Identity Theft? Gonzales Might Know Something About That
It was altogether fitting and proper that Attorney General Alberto Gonzales gave a news conference about "combating identity theft" yesterday. His identity as a respectable public servant has been stolen by Republican senators and late-night comics, and -- to the dismay of the former and the delight of the latter -- "Fredo" is fighting to rebuild his good name.
"Mr. Attorney General," began the inevitable first question yesterday, from CNN's Kevin Bohn. "We haven't heard from you since your testimony on Thursday."
"Wasn't that enough?" Gonzales interjected with a smile.
Uh, not quite, General.
True, President Bush announced yesterday that Gonzales's shaky congressional testimony last week about the U.S. attorneys scandal had only "increased my confidence" in him. But Bush has previously bestowed his "full confidence" on Bernard Kerik, Jerry Bremer, John Ashcroft and George Tenet -- none of whom is now on the job.
What Gonzales may not realize is that his boss's confidence, even if it keeps him in office, won't do much to restore his lost identity. That has been taken from him by the likes of Arlen Specter, top Republican on the Senate Judiciary Committee, who said on "Fox News Sunday" that Gonzales's testimony was "very, very damaging to his own credibility." He blamed Gonzales for a "very substantial decrease in morale" at the Justice Department.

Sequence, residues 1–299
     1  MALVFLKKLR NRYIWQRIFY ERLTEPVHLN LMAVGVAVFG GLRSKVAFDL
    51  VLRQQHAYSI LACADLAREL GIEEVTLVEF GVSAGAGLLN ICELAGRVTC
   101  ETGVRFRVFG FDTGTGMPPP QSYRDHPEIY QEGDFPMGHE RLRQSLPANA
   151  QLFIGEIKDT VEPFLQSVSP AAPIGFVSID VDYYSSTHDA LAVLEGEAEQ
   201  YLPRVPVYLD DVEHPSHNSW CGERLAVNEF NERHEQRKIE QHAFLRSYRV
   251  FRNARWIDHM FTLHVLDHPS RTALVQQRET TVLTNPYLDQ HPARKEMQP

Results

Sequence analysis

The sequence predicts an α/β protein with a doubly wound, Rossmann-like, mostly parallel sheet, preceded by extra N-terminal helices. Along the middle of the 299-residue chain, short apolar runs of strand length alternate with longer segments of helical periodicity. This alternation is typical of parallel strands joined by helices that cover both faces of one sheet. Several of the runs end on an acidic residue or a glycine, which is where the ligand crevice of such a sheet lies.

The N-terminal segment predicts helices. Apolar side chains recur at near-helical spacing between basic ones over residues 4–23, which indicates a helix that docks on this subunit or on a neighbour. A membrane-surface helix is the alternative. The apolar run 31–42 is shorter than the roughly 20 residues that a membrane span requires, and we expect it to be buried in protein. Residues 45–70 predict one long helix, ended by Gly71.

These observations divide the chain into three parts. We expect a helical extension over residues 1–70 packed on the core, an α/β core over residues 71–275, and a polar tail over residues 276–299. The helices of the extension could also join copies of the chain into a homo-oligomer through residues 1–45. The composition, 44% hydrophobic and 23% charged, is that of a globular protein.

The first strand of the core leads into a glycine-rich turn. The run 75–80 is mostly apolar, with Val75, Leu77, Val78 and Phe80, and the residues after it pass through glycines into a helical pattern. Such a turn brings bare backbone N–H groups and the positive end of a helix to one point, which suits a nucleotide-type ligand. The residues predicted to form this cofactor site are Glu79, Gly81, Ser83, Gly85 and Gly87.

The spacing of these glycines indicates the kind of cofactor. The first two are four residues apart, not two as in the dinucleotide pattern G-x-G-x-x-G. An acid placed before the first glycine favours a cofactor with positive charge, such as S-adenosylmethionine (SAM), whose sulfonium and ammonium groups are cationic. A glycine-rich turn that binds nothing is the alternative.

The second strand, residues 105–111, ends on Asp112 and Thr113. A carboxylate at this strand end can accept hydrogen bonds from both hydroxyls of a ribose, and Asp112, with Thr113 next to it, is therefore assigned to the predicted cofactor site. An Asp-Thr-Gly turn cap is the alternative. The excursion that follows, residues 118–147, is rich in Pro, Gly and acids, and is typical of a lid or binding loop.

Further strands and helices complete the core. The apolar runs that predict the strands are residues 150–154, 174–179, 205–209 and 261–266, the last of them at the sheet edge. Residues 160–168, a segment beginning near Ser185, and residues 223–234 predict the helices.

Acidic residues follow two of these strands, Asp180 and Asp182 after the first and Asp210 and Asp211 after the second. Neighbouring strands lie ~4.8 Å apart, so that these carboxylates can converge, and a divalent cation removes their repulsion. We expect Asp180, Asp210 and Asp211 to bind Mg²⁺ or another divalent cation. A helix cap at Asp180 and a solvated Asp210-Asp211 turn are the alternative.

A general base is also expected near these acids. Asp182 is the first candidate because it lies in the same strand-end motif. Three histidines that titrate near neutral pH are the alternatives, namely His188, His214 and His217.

His good name has also been stolen by anonymous Republican officials and tacticians, such as the one who told CNN that watching his testimony was like watching the "clubbing of a baby seal." And it has been stolen by the "Gonzo-Meter" on Slate.com and by Jay Leno, who remarked that when Gonzales swore to tell the truth, "everybody had a good laugh and went back to business."
This new status for the nation's top law enforcement official means he can expect the kind of gang tackle he got yesterday at the identity theft convention at the Federal Trade Commission. Seven television cameras were on hand for the otherwise unremarkable event, as were correspondents from four networks and various newspapers and wire services.
"It's nice to see such a good turnout," a spokeswoman from the FTC announced. "I think this'll be a good event." Gonzales and FTC chief Deborah Platt Majoras emerged four minutes later, spoke for 10 minutes and took questions for eight.
Gonzales smiled broadly as he approached the lectern. So determined was his show of good cheer that he continued smiling even as he proclaimed that identity theft is "a serious problem."
Majoras gave her own lengthy statement, but the cameras continued to click at Gonzales, who blinked rapidly and swallowed frequently. With lenses pointed at him from all directions, he fixed his stare on a distant corner of the room.
Bohn asked about Specter's view that Gonzales's testimony was "very, very damaging."